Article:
The following herbs and vitamins have shown to help menopause:
Nettle– adding nettle extract powder to your meal is one of the best natural supplements to in cooperate into your health regime. This will prevent osteoporosis. To enhance nettles’ effects, you can mix it with equal quantity of horsetail (Equisetum arvense), which contains silica, another bone strengthener. Suggested dosage is 1 cup of tea two times daily.
Flax seed-it is a good source of lignans, which tend to balance female hormones and alleviating hot flashes. 1 teaspoon of the powder is sprinkled on foods or in hot water-2 x daily.
Vitex doniana: (uchakoro in Igbo): The new leaves and fruits provide remedies for hot flushes, dizziness, vaginal dryness and depression. The leaves may be chewed fresh or squeezed in hot water and drunk.
You can also use the temperate variety –Vitexagnus-castus (chasteberry) to reduce menopause woes. It is available as a capsule, liquid extract and tablet in health stores.
Basil leaf (nchuanwu, effirin)– extracts from this herb may help reduce night sweats due to menopause. Add freshly cut leaves to foods.
Mistletoe– infusion of the leaves in boiled water corrects hormonal imbalance. Take one teacup first thing in the morning and also last at night.
Chickweed: this herb is rich in calcium and can help prevent osteoporosis. Infuse 1 tablespoon in boiled water for 15 minutes, sieve and take two times daily.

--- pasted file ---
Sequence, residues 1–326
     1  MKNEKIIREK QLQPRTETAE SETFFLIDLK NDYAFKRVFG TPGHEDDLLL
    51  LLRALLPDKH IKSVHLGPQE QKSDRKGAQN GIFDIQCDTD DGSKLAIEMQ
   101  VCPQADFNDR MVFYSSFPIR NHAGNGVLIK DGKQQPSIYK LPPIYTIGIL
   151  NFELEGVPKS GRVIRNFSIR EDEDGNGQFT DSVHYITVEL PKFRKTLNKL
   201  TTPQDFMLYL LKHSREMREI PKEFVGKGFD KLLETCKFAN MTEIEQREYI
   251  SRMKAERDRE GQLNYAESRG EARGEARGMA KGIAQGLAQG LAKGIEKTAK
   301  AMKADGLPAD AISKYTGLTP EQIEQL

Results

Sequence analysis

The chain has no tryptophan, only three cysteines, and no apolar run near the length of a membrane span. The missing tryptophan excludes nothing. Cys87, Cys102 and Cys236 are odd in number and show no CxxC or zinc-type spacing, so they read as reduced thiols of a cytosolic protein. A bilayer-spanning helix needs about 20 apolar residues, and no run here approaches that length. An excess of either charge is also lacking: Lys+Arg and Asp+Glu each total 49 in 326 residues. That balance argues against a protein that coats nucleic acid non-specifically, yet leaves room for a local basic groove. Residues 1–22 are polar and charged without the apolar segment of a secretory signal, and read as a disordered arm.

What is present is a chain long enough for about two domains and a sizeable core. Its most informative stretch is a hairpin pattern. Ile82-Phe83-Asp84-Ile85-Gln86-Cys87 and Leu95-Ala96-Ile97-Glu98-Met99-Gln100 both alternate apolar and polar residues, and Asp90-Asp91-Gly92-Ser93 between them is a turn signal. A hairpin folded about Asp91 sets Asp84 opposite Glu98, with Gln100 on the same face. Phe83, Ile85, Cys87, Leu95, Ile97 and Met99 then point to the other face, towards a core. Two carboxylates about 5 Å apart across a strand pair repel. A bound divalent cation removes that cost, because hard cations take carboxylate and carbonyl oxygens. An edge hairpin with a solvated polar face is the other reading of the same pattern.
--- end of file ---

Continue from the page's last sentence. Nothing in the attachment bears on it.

Calcium– crucial to get enough to prevent bone loss which is usually a problem once hormone levels drop after menopause.
Vitamin D- this is just as important as calcium for bone health. Without this vitamin your body cannot absorb calcium. Vitamin D is in many foods and vitamins and also in the sun, so get some early morning sun.
Vitamin E– a daily dose of this vitamin can help alleviate symptoms of hot flashes.
Soy products- the isoflavones in soy foods help balance hormone levels and have some estrogenic activity.
Beans – especially black and kidney beans contain phtoestrogens, which mimic estrogen in the body. Including these to your diet will help reduce the woes of menopause. It will greatly benefit women before, during and after menopause.
Passion flower: If your menopause involves stress, try this relaxing herb. This will bring a sense of calm, relieve pains and muscular spasms. 1 teaspoon is to be infused in boiled water for 30 minutes and taken before bedtime and be sure not to exceed recommended dosage. The strength needed will vary from person to person.
Eat fruits and vegetables: plenty of freshly-made juices of fruits and vegetables in season should be included daily in your meal plan.
Avocado: Eat 1 avocado pear at least 3 x a week, preferably at night.
Spices: Include ginger, cinnamon and turmeric in your diets.
Drink plenty of water: this will help you stay hydrated, help prevent drying of skin and the mucous membranes.
Replace your cooking oils with coconut/olive oil.
You may also have to limit or avoid foods and beverages that contain sugar, caffeine and alcohol which may exacerbate your symptoms or trigger hot flushes.
Also reduce foods high in fat and go easy on smoked, salt-cured foods- these foods contain high levels of nitrates which have been linked to cancer. All processed, refined, and denatured foods should be completely eliminated.